They conveniently overlook the fact that this respondent has been charged with a violation of the Occupational Safety and Health Act of 1970 - a law whose purpose is to protect employees from job hazards. If a condition exists which does not comply with a construction regulation promulgated under the Act but that noncomplying condition cannot be harmful to any employee because no employee goes near it, the Act has not been violated. There is no provision of law which permits any employer to be penalized for not complying with job safety regulations - only violations of the Act are subject to penalty. This employer was charged with a violation of the Act - section 5(a)(2) [*32] thereof. In order to establish the charge both of the following must be demonstrated:

(1) Noncompliance with the regulation upon which the charge was based, and

(2) one or more employees of the cited respondent was exposed to hazard as a result of such noncompliance.

Judge Chalk correctly concluded that the charge has not been sustained because no employee exposure to a hazard was shown. The majority, however, ignore the Act's very purpose and finds this regulation to be unique because, by its very terms, it can be violated even when there is no hazard to employees. If such a regulation were permissible under this law - and it certainly is not - what would prevent the Secretary of Labor from banning employee use of cotton clothing, their drinking of coffee, milk or tea, or from engaging in a million and one other nonhazardous activities.

It goes without saying (except, perhaps, for disciples of Humpty Dumpty) that regulations promulgated under a law enacted for the purpose of protecting employees from hazard must implement that law. They cannot go beyond the law and willy-nilly restrict employees from other activities - or be framed in such a manner that noncompliance [*33] therewith will constitute a violation of the Act even though no employee is exposed to hazard thereby.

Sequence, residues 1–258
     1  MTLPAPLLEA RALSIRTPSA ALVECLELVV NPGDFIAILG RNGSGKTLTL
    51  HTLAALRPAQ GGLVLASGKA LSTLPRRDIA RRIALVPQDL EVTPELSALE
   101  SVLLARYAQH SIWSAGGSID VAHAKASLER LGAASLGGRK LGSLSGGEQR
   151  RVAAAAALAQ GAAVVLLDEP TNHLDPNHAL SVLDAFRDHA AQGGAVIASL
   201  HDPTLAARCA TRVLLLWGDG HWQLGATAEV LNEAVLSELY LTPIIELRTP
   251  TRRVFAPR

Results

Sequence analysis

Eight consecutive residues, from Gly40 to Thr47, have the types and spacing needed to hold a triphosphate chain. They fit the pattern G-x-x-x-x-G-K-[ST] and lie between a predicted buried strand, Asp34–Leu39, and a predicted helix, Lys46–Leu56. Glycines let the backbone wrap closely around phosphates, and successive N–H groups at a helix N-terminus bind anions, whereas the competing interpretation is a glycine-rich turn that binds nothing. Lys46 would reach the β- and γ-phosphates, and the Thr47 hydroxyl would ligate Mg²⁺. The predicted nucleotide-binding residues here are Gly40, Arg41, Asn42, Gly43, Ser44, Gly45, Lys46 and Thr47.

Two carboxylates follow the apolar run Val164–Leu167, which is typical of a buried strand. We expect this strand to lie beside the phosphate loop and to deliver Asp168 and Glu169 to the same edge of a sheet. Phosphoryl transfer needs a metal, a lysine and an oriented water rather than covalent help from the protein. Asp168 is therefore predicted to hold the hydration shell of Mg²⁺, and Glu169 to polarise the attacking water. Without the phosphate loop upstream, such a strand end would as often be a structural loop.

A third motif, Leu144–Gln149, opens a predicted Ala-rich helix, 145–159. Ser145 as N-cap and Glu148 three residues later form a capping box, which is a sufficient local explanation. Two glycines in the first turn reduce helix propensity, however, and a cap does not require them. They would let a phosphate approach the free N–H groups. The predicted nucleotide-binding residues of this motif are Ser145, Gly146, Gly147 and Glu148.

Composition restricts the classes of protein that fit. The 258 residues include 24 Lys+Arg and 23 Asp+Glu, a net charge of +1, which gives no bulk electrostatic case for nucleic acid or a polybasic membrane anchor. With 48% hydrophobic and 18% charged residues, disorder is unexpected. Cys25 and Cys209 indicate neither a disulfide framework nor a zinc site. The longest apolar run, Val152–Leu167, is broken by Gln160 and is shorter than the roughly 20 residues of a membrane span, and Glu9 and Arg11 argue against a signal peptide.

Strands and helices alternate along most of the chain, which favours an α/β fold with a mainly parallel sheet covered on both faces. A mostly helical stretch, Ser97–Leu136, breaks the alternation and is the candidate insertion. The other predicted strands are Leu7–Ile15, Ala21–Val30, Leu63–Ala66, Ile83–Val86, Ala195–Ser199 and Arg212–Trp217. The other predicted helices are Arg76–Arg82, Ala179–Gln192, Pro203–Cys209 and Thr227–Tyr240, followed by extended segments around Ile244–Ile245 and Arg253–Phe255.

Nevertheless, having convinced themselves that they can make words mean different things and that a regulation-writer can broaden the scope of the Act the regulation is supposed to implement, Messrs. Barnako and Cleary go on to take a look at the evidence in this case. They state:

"Upon a thorough review of the record, we find that the Secretary carried his burden of proof and showed that the soil was 'unstable or soft.'"

As support for that conclusion, they quote from the testimony of the Secretary's inspecting officer, Dino Gigante. Mr. Gigante testified at the trial on the depth of his knowledge of soil composition:

"Q. Did you have any formal education following high school graduation?

A. Two years at Northeastern University.

Q. What subjects did you study?

A. I was studying towards my Electrical Engineer's degree.

* * *

Q. Had you received any special soil training at Northeastern?

A. No.

Q. And, subsequent to going to work at the shipyard, did you receive any training on soils inspection analysis?

A. No.

Q. Have you received any such training since [*34] your employment at OSHA?

A. Soils analysis?